We have undertaken a number of initiatives to reduce our SG&A ratio, and expect improvement in both or total SG&A expense and the SG&A ratio in 2011. We also believe there needs to be shared responsibility among all participants in the health care system to lower cost for consumers.
So while we are targeting and achieving reductions in our own internal cost structure, we also recently made changes to broker compensation structures in some of our markets. While these changes will reduce certain selling expenses for 2011, we expect them to have a more significant impact on our business model in future years by constraining annual rate of increase in selling expense, thereby driving positive operating leverage of our business in the future.
Turning to our reportable segments. Commercial operating revenue was $8.6 billion in the fourth quarter of 2010, a $787 million or 8% reduction from the fourth quarter of '09. This was driven by the municipal account conversion in the second quarter of 2010, as well as fully-insured membership declines due to the UniCare member transition and the economy.
Operating gain was $601 million in the fourth quarter of 2010, an increase of $284 million or 90% from the prior-year quarter. The increase was driven by improvements in the Local Group business during 2010.
The Local Group benefit expense ratio was elevated in the fourth quarter of 2009 due to high flu activity and increased COBRA-related expenses, while utilization was lower than anticipated during the fourth quarter of 2010.
During the fourth quarter of 2010, we recognized an estimated $65 million of operating gain in the Commercial segment, primarily due to the lower targeted margin for adverse deviation. There was an estimated $70 million of higher-than-anticipated job development in the same period of 2009.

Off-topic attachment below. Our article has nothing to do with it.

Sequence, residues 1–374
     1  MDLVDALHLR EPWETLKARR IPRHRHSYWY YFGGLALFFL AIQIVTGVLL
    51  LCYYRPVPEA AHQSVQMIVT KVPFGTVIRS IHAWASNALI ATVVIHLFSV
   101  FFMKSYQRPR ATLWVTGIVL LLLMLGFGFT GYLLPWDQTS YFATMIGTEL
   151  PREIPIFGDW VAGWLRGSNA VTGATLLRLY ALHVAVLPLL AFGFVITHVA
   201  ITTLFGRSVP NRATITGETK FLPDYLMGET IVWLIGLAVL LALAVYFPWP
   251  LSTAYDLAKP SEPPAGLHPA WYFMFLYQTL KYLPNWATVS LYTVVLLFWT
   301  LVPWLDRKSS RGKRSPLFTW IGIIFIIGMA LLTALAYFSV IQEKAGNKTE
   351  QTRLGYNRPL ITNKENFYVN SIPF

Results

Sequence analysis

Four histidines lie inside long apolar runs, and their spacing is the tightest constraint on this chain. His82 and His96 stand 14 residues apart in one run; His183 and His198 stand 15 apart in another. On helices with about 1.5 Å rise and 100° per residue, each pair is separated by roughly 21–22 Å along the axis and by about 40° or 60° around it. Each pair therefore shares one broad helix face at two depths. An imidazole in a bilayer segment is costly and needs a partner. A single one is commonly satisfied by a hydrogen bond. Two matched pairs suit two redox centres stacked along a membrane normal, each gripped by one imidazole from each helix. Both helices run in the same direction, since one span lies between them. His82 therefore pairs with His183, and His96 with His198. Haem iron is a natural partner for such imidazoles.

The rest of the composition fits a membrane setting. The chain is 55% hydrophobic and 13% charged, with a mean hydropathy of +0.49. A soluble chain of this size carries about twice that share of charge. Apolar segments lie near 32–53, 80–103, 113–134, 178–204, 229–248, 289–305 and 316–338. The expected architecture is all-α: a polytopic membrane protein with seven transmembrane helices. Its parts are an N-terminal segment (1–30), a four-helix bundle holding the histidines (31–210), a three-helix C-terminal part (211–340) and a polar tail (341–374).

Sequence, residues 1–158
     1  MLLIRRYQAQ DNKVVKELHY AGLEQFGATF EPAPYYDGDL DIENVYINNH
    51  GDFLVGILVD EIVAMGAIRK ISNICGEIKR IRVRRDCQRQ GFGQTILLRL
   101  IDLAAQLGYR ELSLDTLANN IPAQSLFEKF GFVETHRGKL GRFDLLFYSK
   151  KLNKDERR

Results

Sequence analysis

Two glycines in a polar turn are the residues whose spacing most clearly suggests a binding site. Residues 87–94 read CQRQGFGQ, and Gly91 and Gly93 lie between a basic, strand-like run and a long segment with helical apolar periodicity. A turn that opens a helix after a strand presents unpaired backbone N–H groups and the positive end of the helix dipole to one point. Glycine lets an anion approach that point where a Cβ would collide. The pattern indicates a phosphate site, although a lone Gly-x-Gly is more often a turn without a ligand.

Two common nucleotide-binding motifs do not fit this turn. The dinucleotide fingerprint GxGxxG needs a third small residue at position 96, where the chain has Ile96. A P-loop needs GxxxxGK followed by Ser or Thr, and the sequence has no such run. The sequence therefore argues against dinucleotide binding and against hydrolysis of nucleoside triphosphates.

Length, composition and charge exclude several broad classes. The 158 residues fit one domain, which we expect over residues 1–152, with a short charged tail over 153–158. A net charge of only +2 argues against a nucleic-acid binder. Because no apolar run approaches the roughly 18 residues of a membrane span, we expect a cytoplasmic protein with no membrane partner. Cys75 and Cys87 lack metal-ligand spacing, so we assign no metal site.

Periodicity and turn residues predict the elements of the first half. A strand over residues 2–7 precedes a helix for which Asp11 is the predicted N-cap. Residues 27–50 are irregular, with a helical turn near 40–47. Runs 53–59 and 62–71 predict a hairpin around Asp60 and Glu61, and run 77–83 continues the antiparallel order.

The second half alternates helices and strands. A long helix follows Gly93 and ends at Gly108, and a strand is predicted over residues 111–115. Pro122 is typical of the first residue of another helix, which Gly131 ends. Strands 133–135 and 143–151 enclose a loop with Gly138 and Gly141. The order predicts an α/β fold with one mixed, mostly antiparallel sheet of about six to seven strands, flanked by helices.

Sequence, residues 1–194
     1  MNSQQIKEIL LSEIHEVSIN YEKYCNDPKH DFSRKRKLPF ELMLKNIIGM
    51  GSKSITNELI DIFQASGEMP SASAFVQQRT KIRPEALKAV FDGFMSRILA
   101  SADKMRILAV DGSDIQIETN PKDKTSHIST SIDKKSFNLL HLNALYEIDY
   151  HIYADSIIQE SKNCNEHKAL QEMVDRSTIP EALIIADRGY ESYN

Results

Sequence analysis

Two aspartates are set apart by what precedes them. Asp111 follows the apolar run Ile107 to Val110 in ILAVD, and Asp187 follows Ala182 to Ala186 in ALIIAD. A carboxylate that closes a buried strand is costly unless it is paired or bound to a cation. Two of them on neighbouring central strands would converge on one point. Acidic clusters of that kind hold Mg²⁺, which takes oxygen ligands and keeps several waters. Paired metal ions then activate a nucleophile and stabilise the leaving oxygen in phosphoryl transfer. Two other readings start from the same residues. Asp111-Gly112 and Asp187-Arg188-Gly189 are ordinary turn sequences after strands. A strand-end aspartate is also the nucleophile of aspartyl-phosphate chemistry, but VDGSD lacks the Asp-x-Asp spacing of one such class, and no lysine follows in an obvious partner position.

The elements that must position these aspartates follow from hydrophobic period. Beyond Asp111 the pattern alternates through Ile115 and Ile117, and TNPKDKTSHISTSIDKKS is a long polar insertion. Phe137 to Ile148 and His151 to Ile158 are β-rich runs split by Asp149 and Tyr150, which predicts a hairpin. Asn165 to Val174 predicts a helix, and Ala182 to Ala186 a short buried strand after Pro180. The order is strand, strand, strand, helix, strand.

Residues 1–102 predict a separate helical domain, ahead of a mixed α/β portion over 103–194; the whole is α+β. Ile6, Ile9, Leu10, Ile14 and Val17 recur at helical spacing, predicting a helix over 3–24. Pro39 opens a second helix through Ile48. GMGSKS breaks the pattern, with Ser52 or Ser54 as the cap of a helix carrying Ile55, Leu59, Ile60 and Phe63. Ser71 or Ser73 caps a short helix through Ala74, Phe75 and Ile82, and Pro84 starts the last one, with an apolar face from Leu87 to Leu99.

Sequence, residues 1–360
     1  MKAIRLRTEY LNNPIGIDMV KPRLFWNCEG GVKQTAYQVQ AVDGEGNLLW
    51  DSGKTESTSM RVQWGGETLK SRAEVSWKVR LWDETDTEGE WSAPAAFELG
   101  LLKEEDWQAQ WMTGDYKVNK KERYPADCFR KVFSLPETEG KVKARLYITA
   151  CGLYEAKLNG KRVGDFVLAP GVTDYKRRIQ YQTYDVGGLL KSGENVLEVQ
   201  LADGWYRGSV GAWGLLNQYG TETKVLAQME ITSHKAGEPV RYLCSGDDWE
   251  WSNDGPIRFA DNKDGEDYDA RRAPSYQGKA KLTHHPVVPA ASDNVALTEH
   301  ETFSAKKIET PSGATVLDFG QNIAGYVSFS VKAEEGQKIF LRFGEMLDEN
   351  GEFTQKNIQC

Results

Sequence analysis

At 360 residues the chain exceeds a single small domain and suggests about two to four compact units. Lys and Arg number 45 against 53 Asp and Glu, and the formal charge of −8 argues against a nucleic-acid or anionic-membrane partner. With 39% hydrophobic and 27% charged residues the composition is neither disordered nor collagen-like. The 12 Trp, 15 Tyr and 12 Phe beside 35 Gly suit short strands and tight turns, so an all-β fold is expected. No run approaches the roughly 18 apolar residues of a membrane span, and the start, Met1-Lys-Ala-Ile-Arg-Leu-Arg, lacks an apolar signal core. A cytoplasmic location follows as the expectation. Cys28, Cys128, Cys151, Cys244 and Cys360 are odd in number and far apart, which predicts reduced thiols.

Our Consumer segment operating revenue totaled approximately $4 billion in the fourth quarter of 2010, increasing by $122 million or 3% from the fourth quarter of '09. This was driven by higher membership in our Senior business and higher revenue in our Individual business.
Operating gains at our Consumer business segment was $112 million in the fourth quarter of 2010, a decrease of $47 million or 30% compared to the same period of last year. The decline in operating gain was driven primarily from costs incurred during the fourth quarter of 2010 as part of our ongoing efficiency and continuous improvement initiatives and higher incentive compensation expense.
Operating gain in the Senior business also decreased primarily due to the decline in Medicare Part D membership and the reduction in federal reimbursement rates for the Medicare Advantage program. These declines in operating gain were partially offset by improved performance of our Individual business.
During the fourth quarter of 2010, we recognized an estimated $40 million of operating gain in the Consumer segment, primarily due to the lower targeted margin for adverse deviation, compared with approximately 33 million of higher-than-anticipated new job development what that was recognized in the prior-year quarter.
The Other segment experienced an operating loss of $20 million the fourth quarter of 2010, which represented a decline of $120 million from the fourth quarter of '09 operating gain, primarily due to the fact that two months of operations from NextRx were included in the fourth quarter 2009 results.
Net investment income totaled $195 million in the fourth quarter of 2010, down $7 million our approximately 4% in the fourth quarter of '09, driven primarily by lower yields earned on short-term and fixed-maturity investments in 2010.
Interest expense was $113 million in the fourth quarter of 2010, up $9 million, or 9% due primarily to higher average debt balances in 2010, a result of our third quarter debt issuance. We recognized net investment gains during the quarter totaling $37 million, pretax, consisting of net realized gains from sale of securities totaling more than $47 million, partially offset by $10 million of other-than-temporary impairments.
As of December 31, 2010, the portfolio's net unrealized gain position was just over $905 million, consisting of net unrealized gains on fixed-maturity and equity securities totaling $530 million and $375 million respectively.